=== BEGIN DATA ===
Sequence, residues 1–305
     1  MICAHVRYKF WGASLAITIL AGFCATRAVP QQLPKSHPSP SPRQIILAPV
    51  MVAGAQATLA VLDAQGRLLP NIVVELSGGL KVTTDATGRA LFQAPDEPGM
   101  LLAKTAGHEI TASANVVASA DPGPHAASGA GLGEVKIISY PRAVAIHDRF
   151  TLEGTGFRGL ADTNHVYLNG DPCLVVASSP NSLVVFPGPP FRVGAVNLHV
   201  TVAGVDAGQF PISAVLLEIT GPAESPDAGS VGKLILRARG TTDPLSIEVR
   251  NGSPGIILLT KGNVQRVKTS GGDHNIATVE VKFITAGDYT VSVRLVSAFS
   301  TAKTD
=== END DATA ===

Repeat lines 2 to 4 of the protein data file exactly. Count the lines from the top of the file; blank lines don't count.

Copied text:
     1  MICAHVRYKF WGASLAITIL AGFCATRAVP QQLPKSHPSP SPRQIILAPV
    51  MVAGAQATLA VLDAQGRLLP NIVVELSGGL KVTTDATGRA LFQAPDEPGM
   101  LLAKTAGHEI TASANVVASA DPGPHAASGA GLGEVKIISY PRAVAIHDRF